"C" points out where the wax ring stuck to the toilet but not the flange. The wax should stick to both parts.

"D" points to one of the two bolt slots in the flange. Plastic flanges have a different type of slot.

Remains of toilet wax bowl ring after removing toilet.

All these facts are consistent with the symptoms: the room smelled of sewer gases. We never noticed any leaks, but there was some waviness in the flooring behind the toilet, possibly caused by minor water leakage.

Down To Business:

Using a small putty knife, I scraped the old wax ring off the flange.


The old wax ring had a plastic funnel built in, which I removed.


I scraped as much old wax as I could from the the bottom of the toilet.


I decided to try something. I sprayed a little WD-40 on the old wax, and it helped soften it so I could wipe it off.

Then I sprayed on some cleaning solution (I used Simple Green) to remove the WD-40 residue.


New wax bowl ring, used to seal toilet to floor.

This is the new wax bowl ring, the deluxe kind with the plastic funnel built in. I think the funnel really helps prevent water from leaking out if the seal gets broken. This product costs less than $2.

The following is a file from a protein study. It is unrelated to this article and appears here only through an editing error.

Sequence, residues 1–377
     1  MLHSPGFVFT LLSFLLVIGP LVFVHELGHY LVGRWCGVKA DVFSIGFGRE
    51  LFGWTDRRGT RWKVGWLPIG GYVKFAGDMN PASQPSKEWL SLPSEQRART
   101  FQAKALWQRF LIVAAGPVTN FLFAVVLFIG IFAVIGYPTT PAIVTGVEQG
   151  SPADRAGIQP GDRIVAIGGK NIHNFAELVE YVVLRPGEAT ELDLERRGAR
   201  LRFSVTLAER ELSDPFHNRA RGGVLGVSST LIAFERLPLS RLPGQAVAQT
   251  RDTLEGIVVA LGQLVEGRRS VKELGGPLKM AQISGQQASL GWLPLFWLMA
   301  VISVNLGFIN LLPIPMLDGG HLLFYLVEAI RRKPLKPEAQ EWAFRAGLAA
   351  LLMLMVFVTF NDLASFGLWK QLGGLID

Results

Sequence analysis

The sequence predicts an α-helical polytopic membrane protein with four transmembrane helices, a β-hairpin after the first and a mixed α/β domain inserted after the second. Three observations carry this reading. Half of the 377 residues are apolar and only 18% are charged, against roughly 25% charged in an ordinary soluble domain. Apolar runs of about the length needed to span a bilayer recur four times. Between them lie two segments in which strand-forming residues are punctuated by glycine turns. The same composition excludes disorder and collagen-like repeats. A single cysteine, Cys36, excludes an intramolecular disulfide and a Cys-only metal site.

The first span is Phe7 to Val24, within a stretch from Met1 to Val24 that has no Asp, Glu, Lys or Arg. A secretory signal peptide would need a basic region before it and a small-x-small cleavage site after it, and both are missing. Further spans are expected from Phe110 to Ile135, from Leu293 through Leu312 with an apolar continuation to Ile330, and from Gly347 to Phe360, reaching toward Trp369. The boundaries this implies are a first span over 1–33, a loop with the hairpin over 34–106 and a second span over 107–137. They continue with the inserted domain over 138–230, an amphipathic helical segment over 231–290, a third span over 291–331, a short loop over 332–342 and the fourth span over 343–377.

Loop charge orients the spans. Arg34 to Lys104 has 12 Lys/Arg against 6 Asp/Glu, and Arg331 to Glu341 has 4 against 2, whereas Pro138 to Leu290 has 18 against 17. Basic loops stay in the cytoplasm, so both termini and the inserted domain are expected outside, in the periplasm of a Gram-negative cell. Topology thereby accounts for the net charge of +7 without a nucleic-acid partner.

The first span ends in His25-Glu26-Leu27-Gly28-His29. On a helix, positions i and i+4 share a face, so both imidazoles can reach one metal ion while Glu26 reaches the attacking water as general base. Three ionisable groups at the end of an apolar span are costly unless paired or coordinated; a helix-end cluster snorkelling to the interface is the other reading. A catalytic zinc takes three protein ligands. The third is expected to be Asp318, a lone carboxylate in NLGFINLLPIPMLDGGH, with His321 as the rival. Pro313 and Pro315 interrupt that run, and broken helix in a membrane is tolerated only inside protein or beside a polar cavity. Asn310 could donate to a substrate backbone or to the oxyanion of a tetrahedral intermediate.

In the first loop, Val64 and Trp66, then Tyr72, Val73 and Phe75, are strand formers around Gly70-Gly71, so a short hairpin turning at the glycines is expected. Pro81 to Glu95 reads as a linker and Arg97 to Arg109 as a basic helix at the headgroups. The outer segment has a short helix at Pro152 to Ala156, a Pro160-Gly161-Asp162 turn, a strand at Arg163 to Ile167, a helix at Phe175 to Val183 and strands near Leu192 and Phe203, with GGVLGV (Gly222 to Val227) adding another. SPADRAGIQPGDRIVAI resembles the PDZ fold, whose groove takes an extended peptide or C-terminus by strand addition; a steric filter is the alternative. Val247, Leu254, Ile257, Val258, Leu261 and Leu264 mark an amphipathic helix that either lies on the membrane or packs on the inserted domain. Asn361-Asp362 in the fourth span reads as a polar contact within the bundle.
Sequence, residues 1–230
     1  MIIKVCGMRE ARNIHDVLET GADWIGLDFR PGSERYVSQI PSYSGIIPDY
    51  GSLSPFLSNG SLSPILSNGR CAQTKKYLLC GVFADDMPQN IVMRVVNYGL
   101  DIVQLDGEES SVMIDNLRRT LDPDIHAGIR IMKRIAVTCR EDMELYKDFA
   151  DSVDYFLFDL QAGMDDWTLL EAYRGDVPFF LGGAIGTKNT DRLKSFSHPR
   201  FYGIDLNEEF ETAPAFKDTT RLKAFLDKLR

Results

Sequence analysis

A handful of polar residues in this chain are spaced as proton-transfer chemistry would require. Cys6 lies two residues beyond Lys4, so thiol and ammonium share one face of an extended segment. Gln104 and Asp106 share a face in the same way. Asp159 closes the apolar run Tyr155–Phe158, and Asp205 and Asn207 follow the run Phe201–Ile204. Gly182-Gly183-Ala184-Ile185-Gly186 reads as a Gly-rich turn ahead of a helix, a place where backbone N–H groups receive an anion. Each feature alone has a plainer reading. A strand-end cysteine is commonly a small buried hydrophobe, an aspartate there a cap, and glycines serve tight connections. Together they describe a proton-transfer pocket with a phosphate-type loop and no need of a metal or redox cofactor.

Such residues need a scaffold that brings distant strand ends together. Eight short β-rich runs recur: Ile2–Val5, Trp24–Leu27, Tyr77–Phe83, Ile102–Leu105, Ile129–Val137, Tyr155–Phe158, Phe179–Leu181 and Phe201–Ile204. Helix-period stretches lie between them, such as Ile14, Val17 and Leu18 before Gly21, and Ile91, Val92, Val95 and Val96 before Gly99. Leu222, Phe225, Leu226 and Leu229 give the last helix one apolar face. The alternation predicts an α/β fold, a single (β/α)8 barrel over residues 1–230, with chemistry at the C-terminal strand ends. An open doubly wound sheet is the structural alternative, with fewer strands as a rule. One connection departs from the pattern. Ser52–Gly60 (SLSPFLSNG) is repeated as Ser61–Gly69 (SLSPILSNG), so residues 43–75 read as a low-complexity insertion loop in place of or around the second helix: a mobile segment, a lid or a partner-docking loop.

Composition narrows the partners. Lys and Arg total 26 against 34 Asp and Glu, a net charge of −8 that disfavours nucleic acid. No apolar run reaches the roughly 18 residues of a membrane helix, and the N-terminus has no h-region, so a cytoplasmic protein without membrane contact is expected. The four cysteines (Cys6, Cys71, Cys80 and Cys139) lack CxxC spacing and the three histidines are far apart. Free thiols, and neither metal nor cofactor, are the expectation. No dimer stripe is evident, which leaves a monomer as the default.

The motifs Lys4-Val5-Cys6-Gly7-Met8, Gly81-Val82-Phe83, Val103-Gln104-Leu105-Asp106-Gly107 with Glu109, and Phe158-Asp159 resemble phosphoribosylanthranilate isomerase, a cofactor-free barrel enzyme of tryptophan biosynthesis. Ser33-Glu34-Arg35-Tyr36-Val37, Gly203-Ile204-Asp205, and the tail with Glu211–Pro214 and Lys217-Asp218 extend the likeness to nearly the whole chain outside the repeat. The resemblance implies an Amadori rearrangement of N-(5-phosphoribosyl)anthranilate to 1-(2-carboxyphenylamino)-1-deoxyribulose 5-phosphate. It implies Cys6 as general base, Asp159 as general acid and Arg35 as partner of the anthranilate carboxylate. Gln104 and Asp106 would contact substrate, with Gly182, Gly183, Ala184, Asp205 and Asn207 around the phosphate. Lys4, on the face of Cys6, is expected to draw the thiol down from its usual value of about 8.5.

I placed the ring on the toilet's horn, or discharge outlet.


It is usually necessary to press the wax ring in place, or it will fall off when the toilet is picked up.


I installed new Johnny-bolts in the flange.

Installing new toilet flange bolts in slots.


These bolts have little plastic "keepers" that help hold the bolts in place while the toilet is being installed. Otherwise it's really easy to knock the bolts over.

I put two easy-to-see tools on the floor, lined up with the flange bolts to act as a guide when I'm dropping the throne in place.


I set the toilet down on the flange. This is the hardest part.  

When working alone it can be quite a trick to get the Johnny-bolts into the holes in the toilet. It often takes me a few tries before the bolts come through their holes, and all the while I'm holding onto this 60 pound chunk of ceramic sculpture. One thing you cannot do is rest your tired arms and set the toilet down anywhere but the final destination.